What is the Wave Function of a Swinging Pendulum?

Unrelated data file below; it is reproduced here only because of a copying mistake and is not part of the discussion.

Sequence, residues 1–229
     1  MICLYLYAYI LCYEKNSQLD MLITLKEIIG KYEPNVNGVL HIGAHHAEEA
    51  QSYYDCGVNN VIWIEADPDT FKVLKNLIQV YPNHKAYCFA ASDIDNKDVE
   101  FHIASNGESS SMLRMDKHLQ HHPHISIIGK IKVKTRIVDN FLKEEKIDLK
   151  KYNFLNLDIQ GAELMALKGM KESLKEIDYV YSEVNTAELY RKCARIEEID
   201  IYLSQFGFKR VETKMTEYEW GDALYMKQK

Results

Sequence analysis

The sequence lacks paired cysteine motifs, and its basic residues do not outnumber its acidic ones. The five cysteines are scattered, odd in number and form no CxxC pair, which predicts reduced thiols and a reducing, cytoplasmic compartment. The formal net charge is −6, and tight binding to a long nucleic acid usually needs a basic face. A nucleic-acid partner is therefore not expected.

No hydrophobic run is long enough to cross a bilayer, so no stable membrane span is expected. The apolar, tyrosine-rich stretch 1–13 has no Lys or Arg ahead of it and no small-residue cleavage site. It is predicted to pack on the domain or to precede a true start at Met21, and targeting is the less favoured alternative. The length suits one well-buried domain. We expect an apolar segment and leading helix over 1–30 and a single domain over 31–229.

Consider a macroscopic simple harmonic oscillator, and to keep things simple assume there are no interactions with the rest of the universe. We know how to describe the motion using classical mechanics: for a given initial position and momentum, classical mechanics correctly predicts the future path, as confirmed by experiments with real (admittedly not perfect) systems. But from the Hamiltonian we could also write down Schrdingers equation, and from that predict the future behavior of the system. Since we already know the answer from classical mechanics and experiment, quantum mechanics must give us the same result in the limiting case of a large system. It is a worthwhile exercise to see just how this happens. Evidently, we cannot simply follow the classical method of specifying the initial position and momentumthe uncertainty principle wont allow it. What we can do, though, is to take an initial state in which the position and momentum are specified as precisely as possible. Such a
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